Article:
Design process diagrams

Design can be many things. It can be a noun, as in ‘I like good design’, or, ‘I don’t think the design is very good’. It can be an adjective, as in ‘designer sunglasses’. And it can be a verb, as in ‘we are designing a new concert hall’.

It is its use a verb that I address primarily in my teaching. By thinking of design as something that we do, rather than something that is created, we can work on doing the designing better.

If we focus on design as something that we do, then the next question we can ask is what does the process of doing design actually involve, and what frame of mind do we need for each stage.

In this entry we explore two models for describing design as a process. These models are the genesis for continuous, place-based design, an approach to design that is more compatible with the goals of regenerative design.

Chevron diagram

This is the model that I use when I first talk to people about design. When I think of design as a process, I think of my hands held up in front of me like two opposing chevrons. These chevrons conjure up for me four distinct phases in the design process. The four phases are:

  • Starting – listening to others
  • Divergent thinking – having ideas
  • Convergent thinking – improving ideas
  • Selling – convincing others

In my mind I see the process as something that looks like two opposing chevrons, like this <>

Something starts from very little, blows up into many possibilities and then shrinks back down to a final, well-resolved output.

Each of these phases of operation requires a different mode of thinking. Each of these modes of thinking is something that we can teach.

Think Up Design Process Diagram

My model is very simple, and is in fact a simplified version of the Think Up Design Process Diagram.

Design Process Diagram by Think Up is licensed under a Creative Commons Attribution-ShareAlike 4.0 International License.
Based on a work at

In this model, design is as the heart of a project process that starts with the identification of some sort of need and leads to something that is used. Here is an overview of each of the stages, each of which can afford longer exploration.

Need – the process begins with identifying some sort of need. That need can be felt by a client, a group of people, an ecosystem.

Brief – the stage at which the brief for the design work is defined. It is against the brief that we will test our ideas. But the brief can never be fully known because of the designer’s paradox and system complexity. We will have much more to say on this.

Research – the stage in which we gather together all the creative inputs to the idea conception phase. (See filling the Kalideascope – creative inputs in the moment).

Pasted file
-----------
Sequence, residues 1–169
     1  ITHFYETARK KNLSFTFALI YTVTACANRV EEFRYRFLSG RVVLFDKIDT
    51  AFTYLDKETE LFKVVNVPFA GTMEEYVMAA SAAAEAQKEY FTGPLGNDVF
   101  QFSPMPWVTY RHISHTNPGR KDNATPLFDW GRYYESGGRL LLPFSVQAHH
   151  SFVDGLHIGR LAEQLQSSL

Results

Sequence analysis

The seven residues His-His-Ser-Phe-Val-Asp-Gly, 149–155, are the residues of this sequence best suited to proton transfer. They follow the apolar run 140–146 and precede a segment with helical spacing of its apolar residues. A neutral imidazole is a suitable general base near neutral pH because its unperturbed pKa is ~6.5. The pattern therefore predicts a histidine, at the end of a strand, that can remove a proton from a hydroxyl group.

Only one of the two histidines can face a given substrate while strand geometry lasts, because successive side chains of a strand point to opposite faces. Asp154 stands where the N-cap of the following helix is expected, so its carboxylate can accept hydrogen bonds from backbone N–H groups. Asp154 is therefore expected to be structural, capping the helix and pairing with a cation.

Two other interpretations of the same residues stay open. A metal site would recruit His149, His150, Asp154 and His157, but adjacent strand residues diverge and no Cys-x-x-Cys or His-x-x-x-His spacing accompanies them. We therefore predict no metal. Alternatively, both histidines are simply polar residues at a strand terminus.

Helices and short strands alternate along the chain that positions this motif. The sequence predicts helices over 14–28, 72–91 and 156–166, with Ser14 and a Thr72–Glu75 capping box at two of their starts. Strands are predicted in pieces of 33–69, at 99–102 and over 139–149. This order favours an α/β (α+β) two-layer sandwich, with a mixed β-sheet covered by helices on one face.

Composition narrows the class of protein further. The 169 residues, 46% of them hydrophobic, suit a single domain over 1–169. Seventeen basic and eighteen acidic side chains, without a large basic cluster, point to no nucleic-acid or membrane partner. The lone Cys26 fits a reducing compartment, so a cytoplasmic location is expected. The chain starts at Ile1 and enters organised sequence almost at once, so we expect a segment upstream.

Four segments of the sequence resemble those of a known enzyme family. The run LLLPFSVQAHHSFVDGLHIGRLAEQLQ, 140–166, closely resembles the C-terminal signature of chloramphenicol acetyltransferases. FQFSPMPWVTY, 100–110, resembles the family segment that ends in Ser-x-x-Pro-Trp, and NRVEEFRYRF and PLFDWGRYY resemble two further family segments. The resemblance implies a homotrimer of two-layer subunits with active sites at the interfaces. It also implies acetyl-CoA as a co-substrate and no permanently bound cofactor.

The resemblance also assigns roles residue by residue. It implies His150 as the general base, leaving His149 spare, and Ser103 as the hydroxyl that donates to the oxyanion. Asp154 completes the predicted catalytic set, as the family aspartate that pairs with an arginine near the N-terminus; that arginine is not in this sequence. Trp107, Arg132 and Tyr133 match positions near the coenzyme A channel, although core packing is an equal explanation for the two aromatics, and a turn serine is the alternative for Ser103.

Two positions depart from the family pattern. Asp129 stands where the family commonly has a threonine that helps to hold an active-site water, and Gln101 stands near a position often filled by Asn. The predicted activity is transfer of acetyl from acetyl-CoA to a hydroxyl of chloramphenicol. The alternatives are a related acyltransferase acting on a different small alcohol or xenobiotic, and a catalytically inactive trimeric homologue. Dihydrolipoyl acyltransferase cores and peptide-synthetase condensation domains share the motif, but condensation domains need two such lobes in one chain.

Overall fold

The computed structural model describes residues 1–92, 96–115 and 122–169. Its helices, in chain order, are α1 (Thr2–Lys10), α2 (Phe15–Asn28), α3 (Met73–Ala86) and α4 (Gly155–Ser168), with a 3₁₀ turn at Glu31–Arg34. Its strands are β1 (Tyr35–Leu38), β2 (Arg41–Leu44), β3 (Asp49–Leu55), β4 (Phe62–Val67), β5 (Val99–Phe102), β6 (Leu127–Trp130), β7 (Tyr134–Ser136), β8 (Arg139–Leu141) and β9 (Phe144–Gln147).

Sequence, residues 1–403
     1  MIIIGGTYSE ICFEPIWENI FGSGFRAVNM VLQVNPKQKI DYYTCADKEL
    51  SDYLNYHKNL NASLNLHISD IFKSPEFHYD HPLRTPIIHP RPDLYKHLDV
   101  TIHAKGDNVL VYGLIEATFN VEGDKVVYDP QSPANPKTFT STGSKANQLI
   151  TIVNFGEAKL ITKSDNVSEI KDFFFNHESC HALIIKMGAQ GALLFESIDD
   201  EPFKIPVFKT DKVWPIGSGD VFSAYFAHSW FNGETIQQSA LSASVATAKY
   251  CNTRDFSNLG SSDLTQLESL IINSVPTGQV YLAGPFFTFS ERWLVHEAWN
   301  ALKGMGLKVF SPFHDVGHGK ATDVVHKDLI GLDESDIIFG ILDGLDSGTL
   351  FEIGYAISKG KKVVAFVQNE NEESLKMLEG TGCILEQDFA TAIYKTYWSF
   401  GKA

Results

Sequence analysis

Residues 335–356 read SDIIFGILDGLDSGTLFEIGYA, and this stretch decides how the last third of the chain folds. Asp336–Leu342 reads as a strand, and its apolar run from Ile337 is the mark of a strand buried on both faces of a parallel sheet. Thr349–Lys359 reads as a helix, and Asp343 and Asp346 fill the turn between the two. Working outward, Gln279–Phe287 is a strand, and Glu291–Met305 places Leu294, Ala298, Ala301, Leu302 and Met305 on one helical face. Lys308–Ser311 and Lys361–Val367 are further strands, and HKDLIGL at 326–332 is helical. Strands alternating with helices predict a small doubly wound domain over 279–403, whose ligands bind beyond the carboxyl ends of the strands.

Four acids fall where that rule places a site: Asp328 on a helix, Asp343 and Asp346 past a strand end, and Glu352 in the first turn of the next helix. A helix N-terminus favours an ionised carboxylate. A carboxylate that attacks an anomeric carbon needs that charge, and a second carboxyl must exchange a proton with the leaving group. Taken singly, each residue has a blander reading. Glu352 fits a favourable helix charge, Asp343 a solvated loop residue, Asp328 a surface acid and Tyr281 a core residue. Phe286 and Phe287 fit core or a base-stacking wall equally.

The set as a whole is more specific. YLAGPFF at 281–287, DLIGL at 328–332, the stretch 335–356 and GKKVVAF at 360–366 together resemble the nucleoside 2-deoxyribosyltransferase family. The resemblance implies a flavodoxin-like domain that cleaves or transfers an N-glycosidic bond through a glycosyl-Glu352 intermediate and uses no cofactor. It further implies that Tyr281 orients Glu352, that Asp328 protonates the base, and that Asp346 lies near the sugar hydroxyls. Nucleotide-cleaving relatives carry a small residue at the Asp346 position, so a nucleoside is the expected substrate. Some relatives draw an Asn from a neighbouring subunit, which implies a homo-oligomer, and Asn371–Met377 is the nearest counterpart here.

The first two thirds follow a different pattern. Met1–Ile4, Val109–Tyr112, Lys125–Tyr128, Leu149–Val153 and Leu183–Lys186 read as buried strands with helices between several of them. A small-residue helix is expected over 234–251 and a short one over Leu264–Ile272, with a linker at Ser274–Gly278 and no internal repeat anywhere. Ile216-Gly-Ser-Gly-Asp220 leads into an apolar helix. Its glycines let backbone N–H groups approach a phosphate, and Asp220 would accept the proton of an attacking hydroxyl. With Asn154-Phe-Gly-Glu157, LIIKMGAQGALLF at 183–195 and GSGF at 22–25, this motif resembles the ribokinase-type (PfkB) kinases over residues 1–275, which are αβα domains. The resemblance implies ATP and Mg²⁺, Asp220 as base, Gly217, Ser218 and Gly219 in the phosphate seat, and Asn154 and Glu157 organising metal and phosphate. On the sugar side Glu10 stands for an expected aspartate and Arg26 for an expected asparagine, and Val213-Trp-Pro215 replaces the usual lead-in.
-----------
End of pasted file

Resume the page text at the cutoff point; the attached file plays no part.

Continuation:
Conceive – the stage at which we develop our ideas in response the brief and drawing on inputs from our research. In reality our we are usually having ideas right the way through the design process, but it is valuable to identify it as a distinct stage in order to give it attention, to make time for it, and to invest in having better ideas. (See what is an idea and the Kalideascope model for idea generation).

Model – the stage at which we turn our ideas into something we can communicate and test. This is another often-forgotten about stage in the design process. An idea is a pattern in the brain that happens when our neurones fire. To test our ideas we need a way to get them out of our head into some sort of thing – a model – that we can test.

Test – the stage at which we test our ideas, in the form of models, against the brief. This relationship between the brief, the tests we create and the models we use to carry them out is important to understand in order to have a rigorous design process.

Judge – the stage at which we descide on the basis of all the tests if the idea is adequate. An idea may have passed all the tests and still not be adequate. In which you need to go back to your brief to try to understand what is unsaid that needs to be said in order to develop a better design.

Make – the stage at which we start to build the design. This distinction of modelling and making is particularly relevant in the built environment where our modelling might involve simulations, but the making involves large volumes of construction materials. In other areas of design in which it is possible to work on live, usable versions of the design, then there is little distinction between the make model and make stages.

Use – the stage at which what we have design enters into use.

Learn – the stage at which we learn from the design in use. In manufacturing industries, there tends to be a tight feedback loop between use and design. We call it quality control. In construction there is usually a very poor feedback loop between use of the design and the design of the next project.

There are feedback loops at every stage of the process. Developing an idea can lead to new insights about the brief. Writing the brief can cause us to challenge the brief. When we come to judge the final design, we may have cause to come back and change brief.